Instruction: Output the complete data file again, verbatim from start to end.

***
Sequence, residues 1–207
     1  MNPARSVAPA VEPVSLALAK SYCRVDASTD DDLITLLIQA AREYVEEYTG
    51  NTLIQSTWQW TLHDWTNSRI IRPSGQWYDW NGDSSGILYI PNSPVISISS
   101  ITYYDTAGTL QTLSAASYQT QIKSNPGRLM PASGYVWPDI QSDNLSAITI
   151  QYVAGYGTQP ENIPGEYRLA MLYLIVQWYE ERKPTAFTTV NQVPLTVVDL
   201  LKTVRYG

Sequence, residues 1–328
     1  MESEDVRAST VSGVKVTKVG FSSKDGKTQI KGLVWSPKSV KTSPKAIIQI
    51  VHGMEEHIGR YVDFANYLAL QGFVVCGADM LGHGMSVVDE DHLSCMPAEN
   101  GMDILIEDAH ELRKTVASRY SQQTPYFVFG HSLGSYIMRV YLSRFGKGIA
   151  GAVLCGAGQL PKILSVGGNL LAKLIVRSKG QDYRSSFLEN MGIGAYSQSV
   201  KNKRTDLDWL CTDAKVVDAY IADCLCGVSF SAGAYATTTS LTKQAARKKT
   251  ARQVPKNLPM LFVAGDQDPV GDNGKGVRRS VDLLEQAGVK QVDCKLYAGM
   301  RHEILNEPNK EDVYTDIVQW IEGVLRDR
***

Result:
Sequence, residues 1–207
     1  MNPARSVAPA VEPVSLALAK SYCRVDASTD DDLITLLIQA AREYVEEYTG
    51  NTLIQSTWQW TLHDWTNSRI IRPSGQWYDW NGDSSGILYI PNSPVISISS
   101  ITYYDTAGTL QTLSAASYQT QIKSNPGRLM PASGYVWPDI QSDNLSAITI
   151  QYVAGYGTQP ENIPGEYRLA MLYLIVQWYE ERKPTAFTTV NQVPLTVVDL
   201  LKTVRYG

Sequence, residues 1–328
     1  MESEDVRAST VSGVKVTKVG FSSKDGKTQI KGLVWSPKSV KTSPKAIIQI
    51  VHGMEEHIGR YVDFANYLAL QGFVVCGADM LGHGMSVVDE DHLSCMPAEN
   101  GMDILIEDAH ELRKTVASRY SQQTPYFVFG HSLGSYIMRV YLSRFGKGIA
   151  GAVLCGAGQL PKILSVGGNL LAKLIVRSKG QDYRSSFLEN MGIGAYSQSV
   201  KNKRTDLDWL CTDAKVVDAY IADCLCGVSF SAGAYATTTS LTKQAARKKT
   251  ARQVPKNLPM LFVAGDQDPV GDNGKGVRRS VDLLEQAGVK QVDCKLYAGM
   301  RHEILNEPNK EDVYTDIVQW IEGVLRDR